Deloitte launches new training contract designed to fit into the Solicitors Qualification Exam

October 29, 2019

3 min read

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What's going on here?

Big Four firm Deloitte, has launched a new training contract programme which has been designed with the upcoming Solicitors Qualifying Examination (SQE) in mind. The new programme makes Deloitte one of the earliest adopters of the new SQE.

What does this mean?

Deloitte has announced that it has worked closely with the University of Law to develop a programme to prepare students for the new SQE. Deloitte Legal’s new SQE training contract will be three years long rather than the traditional two, allowing graduates to take up their place straight after university and gain qualifying work experience before sitting stages 1 and 2 of the SQE.

Successful applicants will begin the training contract in September 2020 and will eventually qualify in 2023. The training contract will be expected to be client-facing during periods of their training and will allow trainees to gain experience across a number of Deloitte Legal’s practice areas.

What's the big picture effect?

The SQE was announced by the Solicitors Regulation Authority (SRA) in 2017. Under the current system, prospective solicitors would have to complete the LPC before starting their training contract. The SQE will require applicants to sit SQE stage 1 and stage 2 and undertake two years of qualifying work experience.

The announcement by Deloitte makes them one of the earliest adopters of a new training contract model. BPP Law school has also revealed details of its new SQE-compliant PGDL for those wishing to pursue a legal career who did not study law as an undergraduate.

With the introduction of the SQE expected to be in September 2021, we should expect to see many other firms also announcing changes to their training contract to adapt to the changes.

Additionally, for Deloitte, this signals a growing effort to expand its legal services capabilities following being awarded the alternative business structure (ABS) licence in 2018, which permitted the firm to provide reserved legal services in the UK.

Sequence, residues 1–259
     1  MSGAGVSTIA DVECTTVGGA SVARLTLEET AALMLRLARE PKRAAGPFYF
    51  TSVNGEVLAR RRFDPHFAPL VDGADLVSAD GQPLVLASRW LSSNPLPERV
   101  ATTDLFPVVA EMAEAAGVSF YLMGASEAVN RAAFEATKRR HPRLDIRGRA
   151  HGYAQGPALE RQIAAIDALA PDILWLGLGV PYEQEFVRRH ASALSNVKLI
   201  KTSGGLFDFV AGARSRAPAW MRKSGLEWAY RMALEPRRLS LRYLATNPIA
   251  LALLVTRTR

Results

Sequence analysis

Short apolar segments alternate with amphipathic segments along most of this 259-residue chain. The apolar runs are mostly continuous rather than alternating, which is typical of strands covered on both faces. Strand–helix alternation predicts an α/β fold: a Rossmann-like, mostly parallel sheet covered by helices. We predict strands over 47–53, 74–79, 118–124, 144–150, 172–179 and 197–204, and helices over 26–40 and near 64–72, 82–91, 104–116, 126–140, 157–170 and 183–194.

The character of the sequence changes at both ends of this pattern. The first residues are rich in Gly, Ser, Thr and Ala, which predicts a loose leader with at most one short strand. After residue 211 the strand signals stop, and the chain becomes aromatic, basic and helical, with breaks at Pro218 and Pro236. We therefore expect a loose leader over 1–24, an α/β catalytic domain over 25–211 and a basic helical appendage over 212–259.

Deloitte's insights...

When LittleLaw spoke to Deloitte about the new scheme, we were able to find out a bit more about why they’ve decided to launch the new programme.

Deloitte's program vs. the current LPC...

One huge benefit for applicants on their new scheme is that they’re able to “start earning and gaining Qualifying Experience before sitting their SQE 1 exams.” This differs from the current arrangements where trainees must complete an additional year of law school to pass the LPC before going to work.

The benefits of "earn while you learn"...

The benefits are important when it comes to broadening access to the legal profession and making it as inclusive as possible. “With the new legal apprenticeship as part of Deloitte’s successful BrightStart Apprenticeship programme, it is possible to become a solicitor without ever having gone to university.  This additional route to qualification can only be beneficial from the diversity and inclusion perspective,” they said.

Other benefits of its programme...

The model of “learning whilst working” isn’t new at Deloitte. In fact, they’re confident that the scheme will be a success because they’ve done similar things in their other departments. Deloitte told us that “not only is this a fantastic opportunity for aspiring solicitors to earn while they learn instead of attending an additional year of law school, but they can also encounter the wealth of expertise that Deloitte can offer as a multidisciplinary firm.” Lawyers on the scheme “will benefit from client-facing periods during their training and will gain valuable experience across a number of Deloitte Legal’s areas of practice including tax litigation, employment and corporate and commercial law”.

The length of the programme...

Deloitte has opted for a 3-year programme when the SQE could theoretically be completed more quickly. When we asked Deloitte about this, they said: “The programme has carefully factored in the various commitments required, and we believe three years will allow enough time for students to study and pass their exams while obtaining qualifying work experience at the same time… The model means we can take what we have learned over many years in accountancy and tax recruitment and apply it to trainee solicitors.”

Report written by Juliet Majekodunmi

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